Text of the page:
Dooley: Wilbekin transcends statistics in win over Kansas
Published: Tuesday, December 10, 2013 at 11:00 p.m.
Last Modified: Tuesday, December 10, 2013 at 11:17 p.m.
His ESPN interview on the court was finished and Scottie Wilbekin headed for the locker room while smiling up at the Rowdy Reptiles.
It got really loud one more time.
As he jogged off the court, Wilbekin gave the students a couple of Gator chomps and then punched his fist in the air. The senior had delivered one of those games that stays with you for a long time, one that transcends statistics and highlights.
A week after you wondered if he’d play, he played better than anyone on the court, even better than the freshman sensation who scored 26 points.
“It felt good,” Wilbekin said.
It didn’t feel so good last week in Storrs, Conn., when he went down late in the game with an ankle sprain. But only a day later, he said, he realized it wasn’t that bad and Florida’s training staff went to work.
And there he was Tuesday putting up 18 points, dishing six assists and stealing four passes as Florida beat Kansas 67-61.
It was one of those steals coach Billy Donovan thought was one of the biggest plays in the game. Because despite giving up the kind of 21-0 run Kansas is used to allowing in football but never basketball, the young Jayhawks clawed back to make it a game.
But a huge steal by Wilbekin was a momentum-changer before the last few minutes of the game turned into a contest between Florida free throws and Andrew Wiggins’ 3-point grenades.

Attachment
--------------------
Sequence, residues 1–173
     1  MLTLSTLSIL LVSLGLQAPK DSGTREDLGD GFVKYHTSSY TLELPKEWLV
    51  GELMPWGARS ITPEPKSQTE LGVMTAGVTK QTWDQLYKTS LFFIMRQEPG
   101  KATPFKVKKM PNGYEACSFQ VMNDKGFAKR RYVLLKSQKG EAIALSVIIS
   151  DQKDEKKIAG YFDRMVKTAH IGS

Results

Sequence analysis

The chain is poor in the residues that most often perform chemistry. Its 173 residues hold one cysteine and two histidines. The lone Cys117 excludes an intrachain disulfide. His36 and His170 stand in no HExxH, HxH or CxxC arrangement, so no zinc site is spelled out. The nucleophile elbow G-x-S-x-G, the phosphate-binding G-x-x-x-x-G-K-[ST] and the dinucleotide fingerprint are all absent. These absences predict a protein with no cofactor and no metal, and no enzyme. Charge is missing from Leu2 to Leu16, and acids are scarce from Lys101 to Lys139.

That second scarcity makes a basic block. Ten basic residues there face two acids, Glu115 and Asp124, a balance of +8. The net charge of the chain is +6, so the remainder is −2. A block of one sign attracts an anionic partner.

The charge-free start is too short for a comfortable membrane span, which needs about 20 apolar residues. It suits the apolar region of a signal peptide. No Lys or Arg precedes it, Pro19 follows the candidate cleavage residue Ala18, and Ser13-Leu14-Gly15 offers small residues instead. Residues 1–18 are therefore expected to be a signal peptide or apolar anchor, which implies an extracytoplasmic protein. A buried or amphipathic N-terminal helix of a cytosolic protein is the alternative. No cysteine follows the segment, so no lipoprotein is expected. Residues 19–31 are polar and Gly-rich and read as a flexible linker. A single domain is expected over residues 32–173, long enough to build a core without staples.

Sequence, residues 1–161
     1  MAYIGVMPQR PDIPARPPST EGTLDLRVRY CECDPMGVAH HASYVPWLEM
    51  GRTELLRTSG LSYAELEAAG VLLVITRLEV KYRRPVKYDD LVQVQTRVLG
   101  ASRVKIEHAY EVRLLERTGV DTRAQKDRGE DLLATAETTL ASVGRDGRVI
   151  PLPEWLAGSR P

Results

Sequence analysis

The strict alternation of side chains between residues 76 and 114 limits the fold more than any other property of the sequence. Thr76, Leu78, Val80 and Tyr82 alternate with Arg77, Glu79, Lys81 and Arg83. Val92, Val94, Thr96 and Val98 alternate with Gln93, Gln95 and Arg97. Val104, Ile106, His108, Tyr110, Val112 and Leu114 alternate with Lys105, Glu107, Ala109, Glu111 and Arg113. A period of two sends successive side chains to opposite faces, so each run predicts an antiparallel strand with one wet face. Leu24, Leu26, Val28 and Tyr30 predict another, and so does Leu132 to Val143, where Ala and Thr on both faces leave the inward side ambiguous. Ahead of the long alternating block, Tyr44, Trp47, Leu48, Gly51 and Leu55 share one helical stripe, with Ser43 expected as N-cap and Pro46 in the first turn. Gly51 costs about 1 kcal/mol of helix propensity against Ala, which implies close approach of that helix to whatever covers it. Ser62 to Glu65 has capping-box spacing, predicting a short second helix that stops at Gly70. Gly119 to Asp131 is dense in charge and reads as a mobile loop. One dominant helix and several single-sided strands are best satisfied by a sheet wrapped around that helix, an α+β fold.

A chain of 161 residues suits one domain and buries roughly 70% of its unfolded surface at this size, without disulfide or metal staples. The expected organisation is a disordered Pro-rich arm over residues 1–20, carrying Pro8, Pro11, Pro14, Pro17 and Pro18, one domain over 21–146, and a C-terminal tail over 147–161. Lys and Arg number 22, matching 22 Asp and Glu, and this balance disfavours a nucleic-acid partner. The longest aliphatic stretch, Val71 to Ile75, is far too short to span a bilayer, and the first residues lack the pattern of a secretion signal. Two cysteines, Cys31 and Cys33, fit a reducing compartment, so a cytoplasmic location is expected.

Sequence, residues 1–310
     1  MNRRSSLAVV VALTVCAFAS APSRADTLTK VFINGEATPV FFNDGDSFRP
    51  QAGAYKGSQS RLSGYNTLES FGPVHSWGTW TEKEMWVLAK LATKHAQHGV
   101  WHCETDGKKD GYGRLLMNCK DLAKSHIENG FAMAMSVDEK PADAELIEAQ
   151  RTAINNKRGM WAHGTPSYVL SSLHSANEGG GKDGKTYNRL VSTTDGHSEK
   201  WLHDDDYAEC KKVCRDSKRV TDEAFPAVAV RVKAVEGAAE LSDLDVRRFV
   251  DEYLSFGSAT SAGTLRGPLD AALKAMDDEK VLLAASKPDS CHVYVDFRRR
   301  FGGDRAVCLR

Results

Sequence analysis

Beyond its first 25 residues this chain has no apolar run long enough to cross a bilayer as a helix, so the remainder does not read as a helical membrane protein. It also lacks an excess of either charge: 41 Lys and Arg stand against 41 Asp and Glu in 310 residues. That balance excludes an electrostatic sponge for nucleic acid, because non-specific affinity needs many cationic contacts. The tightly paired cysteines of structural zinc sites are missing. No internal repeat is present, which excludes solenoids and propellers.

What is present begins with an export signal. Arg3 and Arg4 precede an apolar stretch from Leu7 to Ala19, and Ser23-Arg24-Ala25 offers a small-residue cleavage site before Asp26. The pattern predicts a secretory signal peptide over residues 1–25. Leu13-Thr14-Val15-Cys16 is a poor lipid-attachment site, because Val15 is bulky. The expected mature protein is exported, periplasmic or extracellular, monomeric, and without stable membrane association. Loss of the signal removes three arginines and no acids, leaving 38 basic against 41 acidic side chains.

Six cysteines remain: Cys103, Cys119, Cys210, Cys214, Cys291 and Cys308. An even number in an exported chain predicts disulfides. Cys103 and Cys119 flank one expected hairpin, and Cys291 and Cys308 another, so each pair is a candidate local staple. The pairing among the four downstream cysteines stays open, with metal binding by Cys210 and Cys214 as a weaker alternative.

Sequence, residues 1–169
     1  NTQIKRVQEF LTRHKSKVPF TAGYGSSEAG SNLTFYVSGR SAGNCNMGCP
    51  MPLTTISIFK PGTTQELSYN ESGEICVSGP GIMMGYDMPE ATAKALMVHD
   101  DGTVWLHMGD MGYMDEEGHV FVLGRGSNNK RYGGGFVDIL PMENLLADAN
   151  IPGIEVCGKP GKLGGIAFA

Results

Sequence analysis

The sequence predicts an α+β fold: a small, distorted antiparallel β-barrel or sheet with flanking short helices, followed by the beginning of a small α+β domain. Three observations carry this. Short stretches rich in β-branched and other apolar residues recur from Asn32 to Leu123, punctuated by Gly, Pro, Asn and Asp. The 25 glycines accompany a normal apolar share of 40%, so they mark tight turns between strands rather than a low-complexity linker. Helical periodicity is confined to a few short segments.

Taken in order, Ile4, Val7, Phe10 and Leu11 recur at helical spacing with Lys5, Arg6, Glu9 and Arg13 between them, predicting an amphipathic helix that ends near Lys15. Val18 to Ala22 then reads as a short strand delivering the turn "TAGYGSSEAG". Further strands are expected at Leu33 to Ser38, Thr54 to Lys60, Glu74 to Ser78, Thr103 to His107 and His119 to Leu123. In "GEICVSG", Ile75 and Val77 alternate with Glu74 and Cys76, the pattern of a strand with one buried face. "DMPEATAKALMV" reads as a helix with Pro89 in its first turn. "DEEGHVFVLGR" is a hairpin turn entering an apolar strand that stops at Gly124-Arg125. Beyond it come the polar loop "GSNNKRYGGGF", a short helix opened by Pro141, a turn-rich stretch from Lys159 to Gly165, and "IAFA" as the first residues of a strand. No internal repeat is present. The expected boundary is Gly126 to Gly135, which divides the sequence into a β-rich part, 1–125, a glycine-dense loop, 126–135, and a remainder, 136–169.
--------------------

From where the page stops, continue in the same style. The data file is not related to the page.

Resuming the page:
“He gets so competitive, he almost gets enraged,” Donovan said. “I was watching him and I knew he was really going to guard the ball.”
Tuesday night was a big win for Florida against a team that you’ll be hearing a lot from in March. But it was also what should happen when a team led by seniors plays at home against a team led by freshmen.
Florida was too much for the Jayhawks early, using defense to fuel the incredible run. With leading scorer Casey Prather in an offensive funk brought about by the length of Kansas and some early foul trouble, Florida needed Wilbekin to give the necessary lift both early and late.
“I’m not surprised,” said senior Patric Young. “I’ve seen the guy who can play like that. He eats, breathes and drinks basketball.”
Much of that eating, drinking and breathing took place in the training room over the last week, but by game time Wilbekin was not only ready to go, he looked like a player in perfect health.
“It was one of the funnest games I’ve played in,” Wilbekin said.
In retrospect, that 21-0 run in the first half could have been looked at as both a blessing and a curse, although Kansas coach Bill Self didn’t see the latter.
“They played great and we played awful,” he said of the first half.
But up by as many as 18, Florida didn’t look like the same team in the second half. Donovan said he wasn’t sure if it was complacency or fatigue. Runs like the one Florida slapped on Kansas can result in both.
Fortunately for the Gators, Wilbekin had something left, making an impossible layup while being fouled with 5:44 to go and then getting the aforementioned steal 37 seconds later.
And then Prather scored his first basket of the game on a tip and managed to make 8 of 10 free throws down the stretch in between Wiggins’ strikes.
So they celebrated once the horn finally sounded and everyone could breathe again. This was an emotional win for a team that has suffered two tough losses to two ranked teams in this young season.
And whatever it was that fueled Wilbekin — whether it was the feeling he owed this team after the early-season suspension or the fear of what looked like a serious ankle injury a week ago or the fact that it was Kansas or the poor game he played in Connecticut — whatever it was led to an inspired effort by Florida’s point guard.
“After (UConn), I knew he was eager to come out and play well,” Donovan said. “He was pretty focused. He always plays really hard.”
Contact Pat Dooley at 352-374-5053 or at firstname.lastname@example.org. And follow at Twitter.com/Pat_Dooley.